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This article in SSSAJ

  1. Vol. 59 No. 2, p. 423-429
     
    Received: Mar 11, 1994


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doi:10.2136/sssaj1995.03615995005900020022x

Kinetics of Potassium Fixation in Vermiculitic Soils under Different Moisture Regimes

  1. D. C. Olk,
  2. K. G. Cassman  and
  3. R. M. Carlson
  1. International Rice Research Inst., P.O. Box 933, 1099 Manila, Philippines
    Dep. of Pomology, Univ. of California, Davis, CA 95616

Abstract

Abstract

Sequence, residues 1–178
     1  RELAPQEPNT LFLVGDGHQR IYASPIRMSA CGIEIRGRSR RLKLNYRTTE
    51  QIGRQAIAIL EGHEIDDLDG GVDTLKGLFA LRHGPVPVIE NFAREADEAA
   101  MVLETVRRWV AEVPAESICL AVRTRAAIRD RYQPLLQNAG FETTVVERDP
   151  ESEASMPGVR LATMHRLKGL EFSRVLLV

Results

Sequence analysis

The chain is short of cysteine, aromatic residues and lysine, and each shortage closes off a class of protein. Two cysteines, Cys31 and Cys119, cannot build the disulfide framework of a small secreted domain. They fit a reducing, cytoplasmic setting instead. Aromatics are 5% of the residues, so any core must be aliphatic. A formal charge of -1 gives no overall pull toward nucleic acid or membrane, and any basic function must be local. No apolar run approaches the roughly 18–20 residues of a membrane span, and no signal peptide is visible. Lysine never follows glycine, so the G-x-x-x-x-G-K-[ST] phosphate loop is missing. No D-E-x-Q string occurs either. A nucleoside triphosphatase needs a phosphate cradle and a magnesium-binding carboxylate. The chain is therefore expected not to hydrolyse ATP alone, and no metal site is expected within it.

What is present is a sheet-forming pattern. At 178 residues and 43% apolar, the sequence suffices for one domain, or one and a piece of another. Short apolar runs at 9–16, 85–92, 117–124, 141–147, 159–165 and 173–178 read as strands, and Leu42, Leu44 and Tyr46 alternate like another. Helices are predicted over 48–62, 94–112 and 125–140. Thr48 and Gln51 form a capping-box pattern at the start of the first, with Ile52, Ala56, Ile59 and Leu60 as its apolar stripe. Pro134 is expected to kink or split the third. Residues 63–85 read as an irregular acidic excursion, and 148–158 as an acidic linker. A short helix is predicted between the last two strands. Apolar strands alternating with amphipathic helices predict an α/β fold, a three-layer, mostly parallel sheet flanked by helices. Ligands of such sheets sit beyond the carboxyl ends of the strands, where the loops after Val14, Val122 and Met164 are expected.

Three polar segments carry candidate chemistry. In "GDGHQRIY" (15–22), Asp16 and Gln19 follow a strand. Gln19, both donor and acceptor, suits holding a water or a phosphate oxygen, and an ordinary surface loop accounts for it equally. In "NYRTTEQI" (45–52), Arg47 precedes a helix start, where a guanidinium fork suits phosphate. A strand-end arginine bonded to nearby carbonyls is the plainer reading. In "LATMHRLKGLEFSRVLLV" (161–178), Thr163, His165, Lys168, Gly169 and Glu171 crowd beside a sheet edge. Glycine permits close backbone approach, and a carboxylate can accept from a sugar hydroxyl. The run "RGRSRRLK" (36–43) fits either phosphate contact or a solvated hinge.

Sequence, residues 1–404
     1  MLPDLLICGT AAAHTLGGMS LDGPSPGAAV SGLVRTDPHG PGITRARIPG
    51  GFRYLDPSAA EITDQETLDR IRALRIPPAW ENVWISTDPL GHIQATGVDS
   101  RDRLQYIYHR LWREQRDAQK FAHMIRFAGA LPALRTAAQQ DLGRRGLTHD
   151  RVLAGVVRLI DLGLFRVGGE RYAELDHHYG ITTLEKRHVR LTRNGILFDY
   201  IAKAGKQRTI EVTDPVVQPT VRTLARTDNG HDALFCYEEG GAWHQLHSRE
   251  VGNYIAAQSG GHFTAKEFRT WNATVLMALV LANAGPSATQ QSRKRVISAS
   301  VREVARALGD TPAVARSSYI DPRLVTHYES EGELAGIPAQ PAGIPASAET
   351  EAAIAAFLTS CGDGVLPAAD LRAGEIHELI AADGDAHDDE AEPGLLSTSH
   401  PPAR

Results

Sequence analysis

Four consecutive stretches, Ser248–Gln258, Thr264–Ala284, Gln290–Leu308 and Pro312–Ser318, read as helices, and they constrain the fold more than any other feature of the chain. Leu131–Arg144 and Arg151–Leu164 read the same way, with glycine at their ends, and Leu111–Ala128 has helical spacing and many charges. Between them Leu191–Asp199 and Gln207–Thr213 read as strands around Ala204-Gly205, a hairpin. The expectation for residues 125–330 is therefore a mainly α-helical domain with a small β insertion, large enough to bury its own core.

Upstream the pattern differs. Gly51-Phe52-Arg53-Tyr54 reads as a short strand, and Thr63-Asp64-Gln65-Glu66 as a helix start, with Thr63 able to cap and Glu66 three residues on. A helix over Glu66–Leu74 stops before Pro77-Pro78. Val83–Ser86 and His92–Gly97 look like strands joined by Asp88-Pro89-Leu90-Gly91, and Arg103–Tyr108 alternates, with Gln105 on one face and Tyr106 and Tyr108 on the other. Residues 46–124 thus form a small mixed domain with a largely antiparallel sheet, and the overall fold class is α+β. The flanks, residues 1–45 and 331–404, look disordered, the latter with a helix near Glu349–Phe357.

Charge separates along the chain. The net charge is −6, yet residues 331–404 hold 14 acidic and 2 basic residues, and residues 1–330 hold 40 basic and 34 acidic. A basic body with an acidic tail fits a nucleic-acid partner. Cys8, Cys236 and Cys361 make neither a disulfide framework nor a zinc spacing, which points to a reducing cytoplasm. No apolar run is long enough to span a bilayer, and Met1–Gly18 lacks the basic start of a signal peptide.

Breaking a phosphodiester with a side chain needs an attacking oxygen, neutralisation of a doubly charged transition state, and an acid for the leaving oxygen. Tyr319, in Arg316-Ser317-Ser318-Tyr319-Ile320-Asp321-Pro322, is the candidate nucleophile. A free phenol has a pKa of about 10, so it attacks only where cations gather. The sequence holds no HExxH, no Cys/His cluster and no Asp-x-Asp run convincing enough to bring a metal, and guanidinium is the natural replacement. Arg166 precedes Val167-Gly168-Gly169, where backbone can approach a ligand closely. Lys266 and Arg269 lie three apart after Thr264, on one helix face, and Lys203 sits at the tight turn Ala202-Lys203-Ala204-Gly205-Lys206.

Fixation of K in vermiculitic soil and the residual benefit from fertilizer-K addition are influenced by soil moisture. The purpose of this study was to determine K fixation rates under simulated field moisture regimes. Fixation rates were measured during three consecutive wetting-drying cycles and in long-term aerobic incubations with soil moisture held constant at different matric pressures. In all studies, 12 mmol KCl kg−1 soil was applied before monitoring K fixation. All rates conformed to first-order kinetics. Each wetting-drying cycle had a rapid fixation phase lasting 2 d with slower fixation thereafter, and rate constants of fixation decreased in each successive cycle for both phases. Depending on the soil, rate constants of the rapid phase in the first cycle ranged from 0.064 to 0.143 d−1 and were 0.026 to 0.061 d−1 in the second cycle. Slow-phase rate constants ranged from 0.030 to 0.058 d−1 in the first cycle and 0.005 to 0.021 d−1 in the second cycle. In samples maintained as saturated pastes, the rapid phase was extended to 5 d but the rate constant was smaller in magnitude than when soil was drying. The rapid phase represented an abiotic process that was controlled by K+ diffusion. When soil moisture was held constant in a long-term aerobic incubation, K fixation rate constants increased at lower soil moisture levels. Rate constants of fixation were 0.00055 d−1 at −0.03 MPa and 0.00114 d−1 at −0.48 MPa, an increase of 107%. The measured fixation rates were sufficient to explain long-term fixation measured in a related field study.

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